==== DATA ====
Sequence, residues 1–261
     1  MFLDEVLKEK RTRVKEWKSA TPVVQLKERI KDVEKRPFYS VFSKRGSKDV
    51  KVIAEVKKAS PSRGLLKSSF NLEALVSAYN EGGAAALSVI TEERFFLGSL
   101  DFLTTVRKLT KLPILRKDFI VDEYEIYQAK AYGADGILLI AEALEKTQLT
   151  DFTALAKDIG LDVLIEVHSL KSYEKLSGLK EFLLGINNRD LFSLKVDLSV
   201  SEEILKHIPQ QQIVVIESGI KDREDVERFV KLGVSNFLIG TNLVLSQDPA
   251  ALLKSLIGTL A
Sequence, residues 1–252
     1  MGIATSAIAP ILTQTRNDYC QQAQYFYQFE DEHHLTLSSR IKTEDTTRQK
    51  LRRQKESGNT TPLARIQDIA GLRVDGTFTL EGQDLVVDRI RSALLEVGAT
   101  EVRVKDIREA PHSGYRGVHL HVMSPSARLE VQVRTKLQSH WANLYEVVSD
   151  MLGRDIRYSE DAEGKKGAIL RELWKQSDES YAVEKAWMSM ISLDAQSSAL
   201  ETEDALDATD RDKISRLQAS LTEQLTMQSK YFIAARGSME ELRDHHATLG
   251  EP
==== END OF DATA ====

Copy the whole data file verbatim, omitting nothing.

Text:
Sequence, residues 1–261
     1  MFLDEVLKEK RTRVKEWKSA TPVVQLKERI KDVEKRPFYS VFSKRGSKDV
    51  KVIAEVKKAS PSRGLLKSSF NLEALVSAYN EGGAAALSVI TEERFFLGSL
   101  DFLTTVRKLT KLPILRKDFI VDEYEIYQAK AYGADGILLI AEALEKTQLT
   151  DFTALAKDIG LDVLIEVHSL KSYEKLSGLK EFLLGINNRD LFSLKVDLSV
   201  SEEILKHIPQ QQIVVIESGI KDREDVERFV KLGVSNFLIG TNLVLSQDPA
   251  ALLKSLIGTL A
Sequence, residues 1–252
     1  MGIATSAIAP ILTQTRNDYC QQAQYFYQFE DEHHLTLSSR IKTEDTTRQK
    51  LRRQKESGNT TPLARIQDIA GLRVDGTFTL EGQDLVVDRI RSALLEVGAT
   101  EVRVKDIREA PHSGYRGVHL HVMSPSARLE VQVRTKLQSH WANLYEVVSD
   151  MLGRDIRYSE DAEGKKGAIL RELWKQSDES YAVEKAWMSM ISLDAQSSAL
   201  ETEDALDATD RDKISRLQAS LTEQLTMQSK YFIAARGSME ELRDHHATLG
   251  EP